Carpentry 2: Intersecting Roofs Part A & B

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Author:
heeres
ID:
275198
Filename:
Carpentry 2: Intersecting Roofs Part A & B
Updated:
2014-05-23 17:07:08
Tags:
theory2
Folders:
theory2
Description:
Carpentry 2: Intersecting Roofs Part A & B
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  1. Name the 2 basic types of intersecting roofs.
    • a. Equal span
    • b. Unequal
  2. What type of rafter is required where intersecting roof surfaces meet?
    Valley rafter
  3. Identify the types of valley rafters needed to frame an unequal span intersecting roof.
    Supporting and supported valley rafter
  4. Valley rafters use the _______ slope gain factor. All other rafters for the intersecting roof use the ________ slop gain factor
    45 degree; 90 degree
  5. The supporting valley rafter is similar to what other rafter?
    Has the same horizontal run as the major hip and therefore the same line length.
  6. When laying out a valley rafter, you use the same framing square numbers as for what other type of rafter?
    Hip rafters
  7. What is the shortening at the upper end of a supporting valley rafter?
    1/2 diagonal of major ridge
  8. What is the shortening at the lower end for either valley rafter?
    Full diagonal thickness of fascia
  9. Is a single or double cheek cut required at the lower end of the valley rafters?
    Either could be used.
  10. Does the supporting valley rafter need to be backed?
    • A portion of the supporting valley is above the plane formed by the top edge of the common rafters and this needs to be backed, like the hip rafter.
    • It extends from the intersection of the supported valley to the ridge.
  11. What determines the amount of wood above plate for a valley rafter birdsmouth?
    Same as for common rafters.
  12. The supported valley rafter is similar to what other rafter?
    Has the same horizontal run as the minor hip and therefore the same line length.
  13. What is the shortening at the upper end of a supported valley rafter?
    1/2 thickness of supporting valley rafter
  14. What type of cut is made at the top of the supported valley rafter?
    Square cut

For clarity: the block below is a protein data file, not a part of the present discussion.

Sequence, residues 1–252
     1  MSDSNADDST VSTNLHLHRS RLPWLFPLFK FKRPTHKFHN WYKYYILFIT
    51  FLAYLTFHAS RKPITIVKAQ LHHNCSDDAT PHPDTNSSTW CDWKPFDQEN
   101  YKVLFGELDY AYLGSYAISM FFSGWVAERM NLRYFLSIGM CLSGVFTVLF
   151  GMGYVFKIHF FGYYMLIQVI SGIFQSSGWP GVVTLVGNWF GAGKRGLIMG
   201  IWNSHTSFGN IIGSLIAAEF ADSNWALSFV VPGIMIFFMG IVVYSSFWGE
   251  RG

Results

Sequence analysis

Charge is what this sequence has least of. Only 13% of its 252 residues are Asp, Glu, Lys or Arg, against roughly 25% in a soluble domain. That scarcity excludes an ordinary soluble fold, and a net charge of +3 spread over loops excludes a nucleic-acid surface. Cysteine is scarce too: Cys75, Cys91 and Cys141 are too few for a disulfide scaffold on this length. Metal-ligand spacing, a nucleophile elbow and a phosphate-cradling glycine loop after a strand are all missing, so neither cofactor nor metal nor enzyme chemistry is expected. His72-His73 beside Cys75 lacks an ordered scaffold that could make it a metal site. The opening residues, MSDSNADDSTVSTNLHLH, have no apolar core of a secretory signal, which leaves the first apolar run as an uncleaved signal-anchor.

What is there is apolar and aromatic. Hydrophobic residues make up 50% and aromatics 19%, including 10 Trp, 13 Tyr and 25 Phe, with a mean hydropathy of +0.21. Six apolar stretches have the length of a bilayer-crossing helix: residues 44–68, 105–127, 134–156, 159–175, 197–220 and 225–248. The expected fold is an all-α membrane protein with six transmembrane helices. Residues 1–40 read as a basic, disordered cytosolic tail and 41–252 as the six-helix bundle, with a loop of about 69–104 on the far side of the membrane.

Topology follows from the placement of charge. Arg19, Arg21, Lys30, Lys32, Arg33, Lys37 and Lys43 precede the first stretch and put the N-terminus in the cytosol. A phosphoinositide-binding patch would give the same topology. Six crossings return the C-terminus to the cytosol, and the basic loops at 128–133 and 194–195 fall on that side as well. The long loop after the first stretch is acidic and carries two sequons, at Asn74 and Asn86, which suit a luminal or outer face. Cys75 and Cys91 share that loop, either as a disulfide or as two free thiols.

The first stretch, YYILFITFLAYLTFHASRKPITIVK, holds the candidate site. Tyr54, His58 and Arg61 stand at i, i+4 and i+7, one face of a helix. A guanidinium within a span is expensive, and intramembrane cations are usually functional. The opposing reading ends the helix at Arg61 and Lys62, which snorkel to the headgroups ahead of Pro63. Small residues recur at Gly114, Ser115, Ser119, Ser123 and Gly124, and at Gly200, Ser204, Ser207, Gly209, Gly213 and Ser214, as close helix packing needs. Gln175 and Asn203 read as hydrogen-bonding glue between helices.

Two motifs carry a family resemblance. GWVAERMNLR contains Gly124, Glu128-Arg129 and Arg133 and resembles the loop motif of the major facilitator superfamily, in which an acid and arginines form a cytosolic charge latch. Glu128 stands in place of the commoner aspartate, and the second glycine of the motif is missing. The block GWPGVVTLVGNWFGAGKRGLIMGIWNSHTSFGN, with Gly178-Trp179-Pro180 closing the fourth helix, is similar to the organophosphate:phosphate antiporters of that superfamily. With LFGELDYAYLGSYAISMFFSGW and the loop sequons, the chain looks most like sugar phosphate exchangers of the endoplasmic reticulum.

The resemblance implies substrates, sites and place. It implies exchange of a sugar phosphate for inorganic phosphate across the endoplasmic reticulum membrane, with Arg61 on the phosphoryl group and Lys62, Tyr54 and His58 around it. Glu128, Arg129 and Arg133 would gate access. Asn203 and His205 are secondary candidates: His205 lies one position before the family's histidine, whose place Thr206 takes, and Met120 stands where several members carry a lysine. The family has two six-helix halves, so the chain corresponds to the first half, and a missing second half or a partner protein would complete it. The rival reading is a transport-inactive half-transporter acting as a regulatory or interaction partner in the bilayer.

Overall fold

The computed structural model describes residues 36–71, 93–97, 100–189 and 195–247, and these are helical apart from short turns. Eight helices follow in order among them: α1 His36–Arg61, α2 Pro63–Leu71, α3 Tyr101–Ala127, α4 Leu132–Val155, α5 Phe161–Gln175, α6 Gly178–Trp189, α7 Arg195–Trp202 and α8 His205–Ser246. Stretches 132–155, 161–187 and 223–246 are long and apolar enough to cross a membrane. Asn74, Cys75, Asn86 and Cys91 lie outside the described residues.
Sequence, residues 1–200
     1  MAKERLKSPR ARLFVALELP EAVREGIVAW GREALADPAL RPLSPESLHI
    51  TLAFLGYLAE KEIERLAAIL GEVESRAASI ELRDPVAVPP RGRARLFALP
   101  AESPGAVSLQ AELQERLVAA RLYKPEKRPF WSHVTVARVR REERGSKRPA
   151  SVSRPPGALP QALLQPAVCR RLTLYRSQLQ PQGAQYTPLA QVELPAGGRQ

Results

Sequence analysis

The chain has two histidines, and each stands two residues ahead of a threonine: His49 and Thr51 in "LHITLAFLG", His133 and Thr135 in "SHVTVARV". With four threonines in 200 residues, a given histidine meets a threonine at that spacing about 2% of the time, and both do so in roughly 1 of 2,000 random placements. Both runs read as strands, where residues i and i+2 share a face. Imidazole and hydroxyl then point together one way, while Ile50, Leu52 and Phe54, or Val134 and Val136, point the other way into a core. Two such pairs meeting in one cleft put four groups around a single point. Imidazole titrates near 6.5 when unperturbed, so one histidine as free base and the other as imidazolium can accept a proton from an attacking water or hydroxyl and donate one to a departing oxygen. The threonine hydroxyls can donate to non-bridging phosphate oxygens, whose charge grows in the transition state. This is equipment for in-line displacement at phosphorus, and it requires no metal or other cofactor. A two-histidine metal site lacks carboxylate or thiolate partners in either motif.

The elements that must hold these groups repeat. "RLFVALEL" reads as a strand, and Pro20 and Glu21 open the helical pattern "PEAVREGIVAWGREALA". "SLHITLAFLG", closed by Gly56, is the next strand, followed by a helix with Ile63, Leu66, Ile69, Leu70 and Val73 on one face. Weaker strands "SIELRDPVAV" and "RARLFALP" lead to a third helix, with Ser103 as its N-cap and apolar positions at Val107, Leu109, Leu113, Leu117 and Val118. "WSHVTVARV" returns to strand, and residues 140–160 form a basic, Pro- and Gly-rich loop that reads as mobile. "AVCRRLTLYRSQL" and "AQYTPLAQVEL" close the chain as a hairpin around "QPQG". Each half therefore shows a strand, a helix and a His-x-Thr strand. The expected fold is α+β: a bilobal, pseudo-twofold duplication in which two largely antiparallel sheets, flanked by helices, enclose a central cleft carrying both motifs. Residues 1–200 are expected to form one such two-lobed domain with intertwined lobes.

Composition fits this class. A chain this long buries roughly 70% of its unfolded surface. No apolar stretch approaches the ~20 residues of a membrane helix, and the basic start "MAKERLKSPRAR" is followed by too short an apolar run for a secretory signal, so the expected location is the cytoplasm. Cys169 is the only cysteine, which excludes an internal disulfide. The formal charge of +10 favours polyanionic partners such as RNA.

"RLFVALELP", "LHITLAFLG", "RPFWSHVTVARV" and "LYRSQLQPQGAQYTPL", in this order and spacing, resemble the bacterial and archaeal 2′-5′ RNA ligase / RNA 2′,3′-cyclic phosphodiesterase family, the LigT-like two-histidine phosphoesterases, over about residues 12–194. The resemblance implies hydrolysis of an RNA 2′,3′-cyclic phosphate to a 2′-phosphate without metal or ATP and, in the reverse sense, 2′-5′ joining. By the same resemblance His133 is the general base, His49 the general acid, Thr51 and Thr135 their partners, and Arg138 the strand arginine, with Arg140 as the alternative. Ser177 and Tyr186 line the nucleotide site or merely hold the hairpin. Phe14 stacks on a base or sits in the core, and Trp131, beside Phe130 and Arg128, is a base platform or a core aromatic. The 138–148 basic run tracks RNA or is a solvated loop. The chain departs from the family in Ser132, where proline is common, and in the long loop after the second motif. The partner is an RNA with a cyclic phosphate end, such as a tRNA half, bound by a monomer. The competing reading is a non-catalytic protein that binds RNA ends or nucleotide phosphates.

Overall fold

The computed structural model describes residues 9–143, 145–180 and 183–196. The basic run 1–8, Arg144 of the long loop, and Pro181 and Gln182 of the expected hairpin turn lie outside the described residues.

15. Valley jack rafters extend from the _____ to the _______
    ridge; valley rafters
  16. On a minor roof, a valley jack rafter is 1700 mm from the intersection of the valley rafters. What is its run?
    1700 mm
  17. What information is needed to calculate the common difference for valley jack rafters?
    • Slope gain factor
    • OC spacing of the rafters
  18. What is the lower end shortening of a valley jack rafter?
    1/2 diagonal thickness of valley rafter
  19. The upper end of a valley jack rafter is identical to the upper end of what other type of rafter?
    common rafter
  20. Valley cripple jack rafters extend from the _____ to the _____
    supporting valley rafter; supported valley rafter
  21. The run of a valley cripple jack rafter is equal to what dimension?
    Twice the distance from the intersection of supporting and supported valley rafters
  22. What type of cut is made at the ends of a valley cripple jack rafter?
    Single cheek cut at opposite angles
  23. The upper end of a valley cripple jack is similar to what other type of rafter?
    Upper end of a hip jack rafter
  24. The run of a hip-valley cripple jack rafter is equal to what dimension?
    • the offset of the minor roof (the dimension from the outside corner of the major roof to the minor roof).
    • This is because the offset is one side of a 45 degree triangle, whereas the run of the hip-valley cripple jack is the other side.
  25. What shortening is required for the hip-valley cripple jack at the upper and lower end?
    • Upper end: 1/2 diagonal thickness of hip rafter
    • Lower end: 1/2 diagonal thickness of valley rafter
  26. What type of cut is made at the ends of a hip-valley cripple jack rafter?
    Parallel single cheek cuts

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